Joint Opinion 06-19 and 06-29
June 9, 2006
Please Note: (1) This opinion has been partially overruled, as Opinion 08-183/08-202/02-112 and its progeny require disqualification for two years after reporting an attorney to the grievance committee. (2) However, this change does not affect our conclusion that the judge need not recuse in matters involving other members of the Public Defender’s office under the facts presented. (3) In light of an apparent dissonance between Judiciary Law § 9 (eff. December 2020) and Judiciary Law § 90(10), we have advised: "Whether a judge who has reported an attorney to an attorney grievance committee may publicly disclose the reason for recusal, when confidentiality has not been waived, is a legal question we cannot resolve." See Opinion 21-45.
Digest: A judge who filed an attorney disciplinary complaint against the county Public Defender which the Grievance Committee later dismissed should disclose the making of the complaint for a period of two years when the Public Defender appears before the judge. Recusal is not required if the judge believes he or she can be impartial. The judge need not disclose when other members of the Public Defender’s staff appear.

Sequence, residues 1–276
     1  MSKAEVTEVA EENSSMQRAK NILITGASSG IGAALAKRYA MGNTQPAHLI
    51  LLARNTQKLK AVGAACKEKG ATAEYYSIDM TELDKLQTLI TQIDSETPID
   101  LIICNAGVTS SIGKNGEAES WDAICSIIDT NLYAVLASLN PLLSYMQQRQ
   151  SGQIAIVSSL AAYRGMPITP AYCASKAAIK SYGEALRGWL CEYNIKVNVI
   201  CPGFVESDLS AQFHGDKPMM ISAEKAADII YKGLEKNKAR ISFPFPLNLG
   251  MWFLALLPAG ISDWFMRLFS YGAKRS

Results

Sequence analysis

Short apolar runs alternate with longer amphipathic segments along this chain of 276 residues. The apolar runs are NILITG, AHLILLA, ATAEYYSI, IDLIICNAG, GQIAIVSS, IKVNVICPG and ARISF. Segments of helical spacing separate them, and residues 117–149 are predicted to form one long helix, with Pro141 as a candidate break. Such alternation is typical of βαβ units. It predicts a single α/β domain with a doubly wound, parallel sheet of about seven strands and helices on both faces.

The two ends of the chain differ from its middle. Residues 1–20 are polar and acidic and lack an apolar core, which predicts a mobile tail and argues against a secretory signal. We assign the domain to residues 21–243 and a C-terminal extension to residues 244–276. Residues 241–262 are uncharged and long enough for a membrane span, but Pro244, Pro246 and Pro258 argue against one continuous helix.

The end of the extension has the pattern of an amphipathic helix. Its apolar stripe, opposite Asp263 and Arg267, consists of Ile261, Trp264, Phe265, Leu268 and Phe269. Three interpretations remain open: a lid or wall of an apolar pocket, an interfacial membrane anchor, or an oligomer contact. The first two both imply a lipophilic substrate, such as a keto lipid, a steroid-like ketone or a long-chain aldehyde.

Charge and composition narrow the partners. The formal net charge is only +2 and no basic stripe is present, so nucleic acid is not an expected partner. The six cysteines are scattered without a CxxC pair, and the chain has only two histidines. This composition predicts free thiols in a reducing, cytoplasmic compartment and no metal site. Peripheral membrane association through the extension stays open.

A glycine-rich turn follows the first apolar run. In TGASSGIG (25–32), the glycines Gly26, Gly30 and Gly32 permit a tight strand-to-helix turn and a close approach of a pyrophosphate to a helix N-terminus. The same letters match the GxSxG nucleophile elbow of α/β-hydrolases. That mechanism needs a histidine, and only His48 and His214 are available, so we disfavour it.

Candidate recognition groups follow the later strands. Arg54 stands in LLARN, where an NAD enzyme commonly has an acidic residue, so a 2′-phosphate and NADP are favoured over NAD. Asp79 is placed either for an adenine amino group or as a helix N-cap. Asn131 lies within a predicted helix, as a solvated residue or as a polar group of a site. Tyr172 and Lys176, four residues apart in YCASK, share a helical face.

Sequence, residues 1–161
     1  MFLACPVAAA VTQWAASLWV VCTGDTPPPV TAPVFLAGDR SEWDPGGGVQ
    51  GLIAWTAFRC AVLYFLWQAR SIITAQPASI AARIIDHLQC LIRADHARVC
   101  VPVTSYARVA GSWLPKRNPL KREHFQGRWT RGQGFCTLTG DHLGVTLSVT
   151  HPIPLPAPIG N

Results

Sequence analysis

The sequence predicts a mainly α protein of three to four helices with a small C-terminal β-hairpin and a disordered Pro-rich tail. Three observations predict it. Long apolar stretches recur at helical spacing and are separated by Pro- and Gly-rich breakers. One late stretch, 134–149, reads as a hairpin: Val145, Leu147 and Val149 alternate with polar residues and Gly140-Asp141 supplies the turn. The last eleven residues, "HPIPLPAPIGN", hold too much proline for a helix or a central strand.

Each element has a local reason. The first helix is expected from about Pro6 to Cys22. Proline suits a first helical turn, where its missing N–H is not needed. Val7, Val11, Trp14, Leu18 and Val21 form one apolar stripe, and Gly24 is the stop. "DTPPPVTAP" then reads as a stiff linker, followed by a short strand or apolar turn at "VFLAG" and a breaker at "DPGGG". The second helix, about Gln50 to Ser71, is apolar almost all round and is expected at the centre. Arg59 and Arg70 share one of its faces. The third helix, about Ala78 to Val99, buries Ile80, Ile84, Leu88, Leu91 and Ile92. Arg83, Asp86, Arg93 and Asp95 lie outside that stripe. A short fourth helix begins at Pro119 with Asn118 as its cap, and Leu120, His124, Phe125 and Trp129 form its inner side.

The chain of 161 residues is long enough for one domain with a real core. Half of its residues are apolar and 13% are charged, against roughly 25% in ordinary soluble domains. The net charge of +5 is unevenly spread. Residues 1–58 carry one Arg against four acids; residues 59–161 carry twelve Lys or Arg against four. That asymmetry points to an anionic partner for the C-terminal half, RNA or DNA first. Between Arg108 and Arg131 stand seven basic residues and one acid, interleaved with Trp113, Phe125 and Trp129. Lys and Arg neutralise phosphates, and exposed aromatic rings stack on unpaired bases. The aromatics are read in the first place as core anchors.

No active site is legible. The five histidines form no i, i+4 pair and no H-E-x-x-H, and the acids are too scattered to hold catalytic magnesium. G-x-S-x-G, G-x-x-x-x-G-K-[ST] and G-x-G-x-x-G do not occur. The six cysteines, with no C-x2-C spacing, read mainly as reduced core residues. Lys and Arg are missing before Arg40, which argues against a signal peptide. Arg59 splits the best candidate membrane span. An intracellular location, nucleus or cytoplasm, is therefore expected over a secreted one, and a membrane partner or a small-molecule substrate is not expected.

Rules: 22 NYCRR 100.3(E)(1); Opinions 02-124; 02-96; 01-120 (Vol. XX); 98-159 (Vol. XVII); 98-138 (Vol. XVII); 97-102 (Vol. XVI).
A County Court judge inquires as to whether recusal is required when the county Public Defender or members of the Public Defender’s office appear before him or her, where the judge previously filed an attorney disciplinary complaint against the Public Defender. The disciplinary complaint was dismissed by the Grievance Committee without charges. The judge indicates that he or she is the only county judge in the county, and that approximately 40% of his or her caseload is handled by the Public Defender’s staff.
The Rules Governing Judicial Conduct provide that a “judge shall disqualify himself or herself in a proceeding in which the judge’s impartiality might reasonably be questioned.” 22 NYCRR 100.3(E)(1). In applying that provision, we have previously concluded that a judge should disqualify himself or herself in any matter involving an attorney against whom the judge has filed a disciplinary complaint, while the complaint is pending. Opinion 01-120 (Vol. XX); compare Opinions 02-96; 97-102 (Vol. XVI). In the matter before us, however, the Grievance Committee dismissed the complaint without charges. Thus, recusal is not required.
Nevertheless, despite the dismissal, we deem it advisable that the judge disclose the making of the complaint in matters involving the Public Defender for a period of two years. Under such circumstances, the judge need not recuse himself or herself provided that the judge, in the exercise of conscience, believes that he or she can be fair in matters involving the Public Defender. The judge need not disclose or recuse in matters involving other members of the Public Defender’s office. Opinions 02-124; 98-159 (Vol. XVII); 98-14 (Vol. XVI).